The Fuqua Experience

Duke Cross Continent MBA Class of 2010

The Fuqua Experience

What Did B.B. King Say?

September 5th, 2009 by Ian Comandao · 3 Comments · General

Oh yeah, “the Thrill is Gone.”

I just came back from the pub, and it’s a very strange feeling, as I’ve only had 2 pints in the last 2 hours. That’s way below quota. Way, way below; if I were a line worker in some dodgy Mainland manufacturing plant, I would probably not be getting my rice rations for the week.

What’s wrong with me? Instead of staying out getting thoroughly blottoed, I’ve actively decided to come back home and get on SWSF pages 669 to 672. What is this new, alien sensation overcoming me with utter disregard for rhyme or reason? Is that maturity and responsibility I see or just the big, gaping gash of a zero-point-zero on the Final Exam that’s just pulled me back in from some thoroughly missed bar banter?

Whatever the case, I do have to say I’ve started to look at the world with a bad-a$$ new set of lenses. The 24-hour store has morphed into a living  lesson in PPP; my mates are no longer just drinking buddies, but “foreign labour surplus” (who just happen to get more than 4x what I get); and debits and credits have become a higher priority than whiskey and diet coke!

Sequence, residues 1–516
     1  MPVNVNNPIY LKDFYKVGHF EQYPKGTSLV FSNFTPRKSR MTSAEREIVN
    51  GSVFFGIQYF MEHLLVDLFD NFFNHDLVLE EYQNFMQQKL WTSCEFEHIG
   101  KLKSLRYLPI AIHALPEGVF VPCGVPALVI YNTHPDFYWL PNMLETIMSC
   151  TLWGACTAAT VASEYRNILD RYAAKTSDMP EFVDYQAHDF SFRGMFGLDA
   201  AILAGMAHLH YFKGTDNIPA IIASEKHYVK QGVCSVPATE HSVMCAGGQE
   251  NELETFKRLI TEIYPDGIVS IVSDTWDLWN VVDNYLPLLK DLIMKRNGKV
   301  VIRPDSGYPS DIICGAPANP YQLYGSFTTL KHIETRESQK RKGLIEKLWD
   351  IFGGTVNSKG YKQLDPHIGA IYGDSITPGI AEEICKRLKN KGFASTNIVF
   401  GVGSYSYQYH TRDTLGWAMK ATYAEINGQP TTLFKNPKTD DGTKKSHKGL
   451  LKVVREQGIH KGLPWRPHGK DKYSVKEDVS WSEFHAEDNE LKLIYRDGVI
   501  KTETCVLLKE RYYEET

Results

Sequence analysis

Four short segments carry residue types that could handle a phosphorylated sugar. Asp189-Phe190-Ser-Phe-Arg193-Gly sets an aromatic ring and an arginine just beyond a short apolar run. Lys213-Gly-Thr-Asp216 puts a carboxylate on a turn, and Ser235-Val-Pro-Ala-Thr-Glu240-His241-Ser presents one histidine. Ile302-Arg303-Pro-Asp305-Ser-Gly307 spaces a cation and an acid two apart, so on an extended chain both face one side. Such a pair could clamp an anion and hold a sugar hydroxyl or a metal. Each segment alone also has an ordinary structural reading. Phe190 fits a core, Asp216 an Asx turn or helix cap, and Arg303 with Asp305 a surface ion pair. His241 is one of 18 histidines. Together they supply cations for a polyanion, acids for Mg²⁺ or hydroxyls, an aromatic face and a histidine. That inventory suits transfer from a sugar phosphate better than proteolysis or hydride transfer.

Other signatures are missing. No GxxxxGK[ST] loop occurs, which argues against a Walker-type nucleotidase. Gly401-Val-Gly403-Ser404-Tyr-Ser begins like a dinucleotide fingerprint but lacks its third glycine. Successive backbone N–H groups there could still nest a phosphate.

I guess this is one of those things that the CCMBA program was meant to do – you know, aside from “intentionally developing tension”. I guess, those 2 torrid, horrid weeks have re-aligned my thought processes and now I’m thinking “yeah, it’s ok to sacrifice an evening’s craic for a P=MBA.”

Sure, the thrill might be gone, but that doesn’t mean it’s going to stay gone. I’ve only got one shot at a better life; the next pint is always gonna be there.


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3 Comments so far ↓

  • Syed Husain

    That last sentence pretty much sums it up.

  • Randy Zwitch

    I’ve started to look at the world differently as well, especially on the job front. The ME class has really given me a new perspective on how people operate in the work environment. Things that I “knew”, but didn’t have a firm name for, are now so much clearer now that they have a formal academic treatment.

    The problem is, what do I do with this new found knowledge? It’s not like I can go up to someone and be like “Hey, you know why we don’t get along? I’m the ‘Professor’ and you’re a knowledge broker!” Or, “Did you realize that I think our relationship is market pricing, and you think it is authoritarian ranking?”

    People already look at me like I’m crazy when I start talking about statistical models. Can’t imagine what they’d do if I started talking like that! Such is life; Duke is giving us the tools to succeed, we’ve still got to figure out what to do with them.

  • Ian Comandao

    this is actually one thing that i’ve been concerned about since starting on this path. even during the application process, at the back of my head there was a nagging voice saying “ok, you’re gonna know more stuff, but how exactly are you gonna be using it in real life?”

    honestly, i still don’t know. but a lot of the sh!t we’ve studied so far is definitely more applicable to the real world now (after so many years of working), than the cr@p that i had to go through in undergrad.

    so i guess it really is a change in priorities brought about by a change in perspectives. i’m just scared about how different we’re all going to be as people and individuals after this whole thing is over…

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